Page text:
Existing national payment formats are proposed for retirement from February 2014 in favour of the new formats. The EU regulation says that from February 2014 onwards, these payments need to be delivered to the bank in ISO 20022 format. These could pure ISO 20022 format, which is only accepted by a small number of banks or as an alternative, the CGI format supported by SWIFT which has been in use for some time. Again, this format is supported only by a few large banks.

Payment Method Configuration

From an SAP perspective, you can customize two different payment methods in your SAP system – one for ‘classic’ international payments (USA, Australia etc.) and a second one for international payments to IBAN compliant countries.

In the vendor master data you can then specify, which payment method(s) can be used for this particular vendor. If you want to use a generic payment method for all international payments, the flag ‘IBAN mandatory’ has of course to be deactivated; as such a payment method is also relevant for countries not using the IBAN at all.

In such a case you need to carry out the following two actions:

  1. The IBAN has to be setup as mandatory in the vendor- / customer- master-data maintenance for particular countries (not included in the standard functionality, but possible with application of note 1477691)
  2. The DME program has to handle the IBAN with higher priority than the account number, when both values are available (depends on DME format). The recommended approach is still to use two different payment methods (for example T for non-IBAN-payments and S for IBAN-payments).

Companies will need to update their systems to support both international bank account number (IBAN) and bank identifier code (BIC).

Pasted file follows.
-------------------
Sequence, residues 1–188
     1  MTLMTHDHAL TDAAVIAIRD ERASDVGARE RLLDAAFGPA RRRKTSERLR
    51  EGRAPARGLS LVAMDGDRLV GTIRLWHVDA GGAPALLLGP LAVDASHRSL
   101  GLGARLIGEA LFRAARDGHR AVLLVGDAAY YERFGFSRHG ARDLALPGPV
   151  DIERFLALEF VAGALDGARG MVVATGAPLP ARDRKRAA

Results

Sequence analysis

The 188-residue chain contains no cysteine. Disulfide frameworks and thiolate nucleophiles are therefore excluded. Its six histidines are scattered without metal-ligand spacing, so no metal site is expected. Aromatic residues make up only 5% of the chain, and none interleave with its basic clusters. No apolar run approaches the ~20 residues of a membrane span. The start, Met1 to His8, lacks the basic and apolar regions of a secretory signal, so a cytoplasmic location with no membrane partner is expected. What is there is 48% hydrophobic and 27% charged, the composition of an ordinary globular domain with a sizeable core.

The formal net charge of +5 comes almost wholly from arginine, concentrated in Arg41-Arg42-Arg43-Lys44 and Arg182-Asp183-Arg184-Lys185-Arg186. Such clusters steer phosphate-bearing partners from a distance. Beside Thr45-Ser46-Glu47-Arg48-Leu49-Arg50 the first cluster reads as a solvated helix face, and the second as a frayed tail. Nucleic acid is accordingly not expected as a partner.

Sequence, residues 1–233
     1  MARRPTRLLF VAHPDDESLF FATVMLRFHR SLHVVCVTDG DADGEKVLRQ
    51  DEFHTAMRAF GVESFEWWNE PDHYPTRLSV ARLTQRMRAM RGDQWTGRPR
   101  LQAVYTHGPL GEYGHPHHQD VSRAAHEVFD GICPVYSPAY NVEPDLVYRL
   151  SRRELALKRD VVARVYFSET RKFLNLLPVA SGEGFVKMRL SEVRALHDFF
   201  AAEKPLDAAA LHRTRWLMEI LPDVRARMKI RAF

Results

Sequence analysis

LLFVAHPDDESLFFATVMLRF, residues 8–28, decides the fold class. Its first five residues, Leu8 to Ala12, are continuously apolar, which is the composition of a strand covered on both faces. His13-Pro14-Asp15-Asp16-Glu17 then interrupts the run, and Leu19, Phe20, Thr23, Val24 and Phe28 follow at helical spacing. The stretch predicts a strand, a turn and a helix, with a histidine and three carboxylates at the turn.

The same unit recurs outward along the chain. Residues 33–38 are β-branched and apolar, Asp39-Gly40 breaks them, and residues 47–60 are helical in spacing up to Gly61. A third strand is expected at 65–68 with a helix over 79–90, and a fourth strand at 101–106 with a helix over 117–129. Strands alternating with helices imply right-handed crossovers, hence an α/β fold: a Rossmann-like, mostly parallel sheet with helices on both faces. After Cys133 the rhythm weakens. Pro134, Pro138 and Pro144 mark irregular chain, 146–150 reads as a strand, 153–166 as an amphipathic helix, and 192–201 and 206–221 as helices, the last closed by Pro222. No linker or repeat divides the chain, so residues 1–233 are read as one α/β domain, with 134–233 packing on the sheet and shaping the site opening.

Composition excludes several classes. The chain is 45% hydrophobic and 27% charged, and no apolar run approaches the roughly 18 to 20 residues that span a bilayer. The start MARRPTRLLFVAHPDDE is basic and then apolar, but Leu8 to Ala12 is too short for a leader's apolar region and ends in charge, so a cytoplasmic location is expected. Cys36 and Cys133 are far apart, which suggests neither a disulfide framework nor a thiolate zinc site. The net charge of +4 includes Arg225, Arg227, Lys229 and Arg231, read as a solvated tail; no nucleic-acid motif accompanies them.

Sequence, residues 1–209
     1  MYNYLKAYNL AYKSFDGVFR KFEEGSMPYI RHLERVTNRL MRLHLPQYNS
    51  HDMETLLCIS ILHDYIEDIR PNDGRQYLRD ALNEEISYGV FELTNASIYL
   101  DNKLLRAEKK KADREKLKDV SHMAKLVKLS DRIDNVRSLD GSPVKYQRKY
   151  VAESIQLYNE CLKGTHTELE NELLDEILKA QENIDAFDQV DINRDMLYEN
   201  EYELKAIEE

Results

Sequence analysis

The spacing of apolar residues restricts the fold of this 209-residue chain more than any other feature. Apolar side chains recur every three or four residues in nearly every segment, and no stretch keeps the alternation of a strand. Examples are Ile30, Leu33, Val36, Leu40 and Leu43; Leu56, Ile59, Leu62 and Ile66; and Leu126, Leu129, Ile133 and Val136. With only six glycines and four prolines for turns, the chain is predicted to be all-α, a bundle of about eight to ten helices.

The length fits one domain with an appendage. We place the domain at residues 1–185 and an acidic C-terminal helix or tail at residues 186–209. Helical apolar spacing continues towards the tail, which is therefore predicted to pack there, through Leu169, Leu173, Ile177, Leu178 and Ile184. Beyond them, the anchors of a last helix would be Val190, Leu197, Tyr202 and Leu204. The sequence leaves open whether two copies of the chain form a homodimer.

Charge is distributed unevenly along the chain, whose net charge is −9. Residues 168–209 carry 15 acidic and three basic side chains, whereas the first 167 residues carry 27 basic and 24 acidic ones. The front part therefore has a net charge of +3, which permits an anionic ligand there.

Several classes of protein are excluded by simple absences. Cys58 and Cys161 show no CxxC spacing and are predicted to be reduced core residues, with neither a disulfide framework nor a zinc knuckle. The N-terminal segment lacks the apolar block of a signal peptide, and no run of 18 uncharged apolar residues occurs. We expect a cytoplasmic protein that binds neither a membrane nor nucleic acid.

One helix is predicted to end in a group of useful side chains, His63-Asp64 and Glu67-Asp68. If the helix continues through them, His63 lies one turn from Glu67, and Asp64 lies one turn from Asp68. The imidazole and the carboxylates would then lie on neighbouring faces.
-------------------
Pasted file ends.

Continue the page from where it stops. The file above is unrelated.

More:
SAP ERP Financials supports IBAN functionality that includes new options to support the initiative. One option is there is no longer a need to specify a national account number before an IBAN. In addition, one has an IBAN that is more visible and has the value presented next to other bank details from the master record.

IBAN is more than just Accounts Payable

Additional factors to consider are that IBAN data updates for SEPA are not exclusively the domain of the Accounts Payable for suppliers department, there are also actions that need to be performed to ensure that other business partners like employees, have the correct bank account information reflected in the HCM system. This is particularly important for reimbursements and payroll.

All indications are that if you use an LSMW approach to achieve the changes and the IBAN number for HCM PA30 changes is dependent on ALE and possibly DOC processing, you may not be able to use a batch input method to generate the IBAN information. Accordingly you may want to consider using GUI Scripting if you find that Batch or NON BATCH methods do not work. Although slower, GUI Scripting does give you the advantage of still being able to automate the process.

Useful SAP notes and SCN articles to look at on IBAN and SEPA:

**Please read the entire article in particular the piece about note 971175